Our business plan with a large client requires that we penetrate areas other than litigation because our senior partner said we have all the company’s litigation. Our research revealed that we are doing only 15 percent of the client’s litigation. How do I break the news without upsetting the senior partner?
You should never feel scared to discuss these business development issues with your lawyers, and not telling them can hurt you professionally and your firm financially. There is, of course, a right way and a wrong way to deliver the information. Here is how I would do it:
- Bring data. Have the litigation reports and other research you used to discover this opportunity at the ready. Pull specific cases and complaints to demonstrate that there was work you could have done and someone else is doing it.
- Deliver the message with a positive spin. Don’t directly tell the lawyer he’s missing opportunities. Help him draw this conclusion by explaining that you discovered this information as part of your regular due diligence and need him to help you determine whether additional opportunities exist.
- Conclude with action items. Be prepared with two or three immediate action items to move his thoughts away from the missed opportunities and on to the increased potential from this client.
Assuming the lawyer is a rational human being, he should quickly acknowledge the additional opportunities and will want to devise a plan to get the work.
Geoffrey Frost is the director of client development for the high-stakes business litigation firm Bondurant Mixson and Elmore in Atlanta. He can be reached at email@example.com.
This situation can be a delicate one, but try turning this “negative” into a positive. Assuming you have good rapport with the senior partner, be upfront and straightforward about your findings. Facts are facts. Keep in mind the partner may have been told by the client that your firm was handling all of its litigation. You should include your managing partner for political purposes and to help navigate the situation.
The key is to find out why your firm is only getting 15 percent of the work without overtly asking the client. A couple of possible considerations include:
- Are there certain types of litigation the client doesn’t realize your firm handles, such as products liability, employment, etc.?
- Is the general counsel required to divide the work among multiple firms?
- Are there expectations not being met (e.g., special billing requests, technology or communication)?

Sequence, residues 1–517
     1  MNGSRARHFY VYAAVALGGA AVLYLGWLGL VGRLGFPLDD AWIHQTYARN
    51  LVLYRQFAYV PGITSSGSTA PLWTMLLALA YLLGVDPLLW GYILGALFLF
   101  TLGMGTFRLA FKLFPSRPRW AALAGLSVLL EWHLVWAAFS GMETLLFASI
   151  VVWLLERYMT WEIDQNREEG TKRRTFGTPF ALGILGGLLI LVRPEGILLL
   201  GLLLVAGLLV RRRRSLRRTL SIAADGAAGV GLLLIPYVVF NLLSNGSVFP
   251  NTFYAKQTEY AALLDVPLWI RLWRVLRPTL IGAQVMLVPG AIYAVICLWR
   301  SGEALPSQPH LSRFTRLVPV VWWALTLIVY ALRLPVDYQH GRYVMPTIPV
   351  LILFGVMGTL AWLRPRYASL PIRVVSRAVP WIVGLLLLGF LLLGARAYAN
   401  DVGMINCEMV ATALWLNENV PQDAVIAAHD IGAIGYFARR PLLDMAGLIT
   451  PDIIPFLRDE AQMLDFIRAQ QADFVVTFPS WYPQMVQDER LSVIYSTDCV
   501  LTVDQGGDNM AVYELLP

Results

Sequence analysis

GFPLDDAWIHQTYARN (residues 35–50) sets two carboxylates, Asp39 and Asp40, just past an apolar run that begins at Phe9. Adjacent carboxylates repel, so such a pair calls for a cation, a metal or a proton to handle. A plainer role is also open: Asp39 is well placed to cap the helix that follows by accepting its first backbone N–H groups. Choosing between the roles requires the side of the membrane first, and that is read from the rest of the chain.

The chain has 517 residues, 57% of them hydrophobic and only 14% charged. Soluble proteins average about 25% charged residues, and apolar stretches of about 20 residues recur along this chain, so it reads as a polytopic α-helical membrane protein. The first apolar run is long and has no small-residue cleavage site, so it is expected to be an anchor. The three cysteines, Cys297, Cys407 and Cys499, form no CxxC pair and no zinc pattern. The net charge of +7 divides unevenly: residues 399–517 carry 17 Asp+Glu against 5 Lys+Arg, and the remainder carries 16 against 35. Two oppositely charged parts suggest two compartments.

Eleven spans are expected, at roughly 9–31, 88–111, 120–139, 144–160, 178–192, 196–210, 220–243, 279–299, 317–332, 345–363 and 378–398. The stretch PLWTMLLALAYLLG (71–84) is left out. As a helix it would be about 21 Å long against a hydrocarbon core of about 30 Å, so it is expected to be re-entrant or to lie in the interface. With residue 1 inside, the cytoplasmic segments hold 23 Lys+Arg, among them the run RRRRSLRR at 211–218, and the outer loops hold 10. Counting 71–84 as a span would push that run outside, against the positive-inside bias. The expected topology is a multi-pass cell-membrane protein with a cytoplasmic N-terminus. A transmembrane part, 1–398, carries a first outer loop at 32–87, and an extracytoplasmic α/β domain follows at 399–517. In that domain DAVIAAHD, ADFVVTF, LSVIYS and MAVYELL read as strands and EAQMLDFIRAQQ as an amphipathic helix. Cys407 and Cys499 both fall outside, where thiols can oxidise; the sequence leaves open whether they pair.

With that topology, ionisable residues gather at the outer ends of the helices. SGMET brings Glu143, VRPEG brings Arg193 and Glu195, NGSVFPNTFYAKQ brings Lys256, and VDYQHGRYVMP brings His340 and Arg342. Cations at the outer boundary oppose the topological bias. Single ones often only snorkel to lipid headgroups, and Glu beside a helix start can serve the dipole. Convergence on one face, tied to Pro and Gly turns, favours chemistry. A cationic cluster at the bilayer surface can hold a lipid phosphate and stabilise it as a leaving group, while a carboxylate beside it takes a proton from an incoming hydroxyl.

This would likely be a good time to set up a client interview. The client meeting could be conducted by your managing partner and your firm’s most senior marketing professional or by an outside consultant who specializes in client interviews. Who knows? Meeting your client in-person may afford your firm the opportunity to penetrate areas other than litigation, too.
Tom Helm is business development director at Swift, Currie, McGhee & Hiers, LLP in Atlanta. He is immediate past president of LMA’s Southeastern Chapter. Contact him at firstname.lastname@example.org.
Clearly this partner doesn’t understand the client’s business as well as he or she thinks. Perhaps offering suggestions on results-oriented client communication or on the resources your department can provide with respect to business intelligence and crossselling might be a good first step.
If you anticipate a hostile reaction to your research findings, why not try a “back door” approach by suggesting an end-of-matter survey crafted to reveal additional opportunities or even a client interview? You could probe deeper into the question of overall litigation spend and why you are only getting a portion of it. It might soften the perceived blow to hear it directly from the client. The reasons might be perfectly benign and easily remedied in which case the partner would be grateful for the opportunity to address them.
Are you sure you will get a negative reaction from the partner? Maybe the client thinks of your firm for only one type of litigation and would welcome the news that they could be using you for more. Rather than feeling affronted at the news, your senior partner may be pleasantly surprised at the opportunity to expand his or her business!
Tina Rutherford is the business development manager in the Boston office of K&L Gates and a board member of LMANE. She has legal marketing and business development experience with firms in the United States and Canada.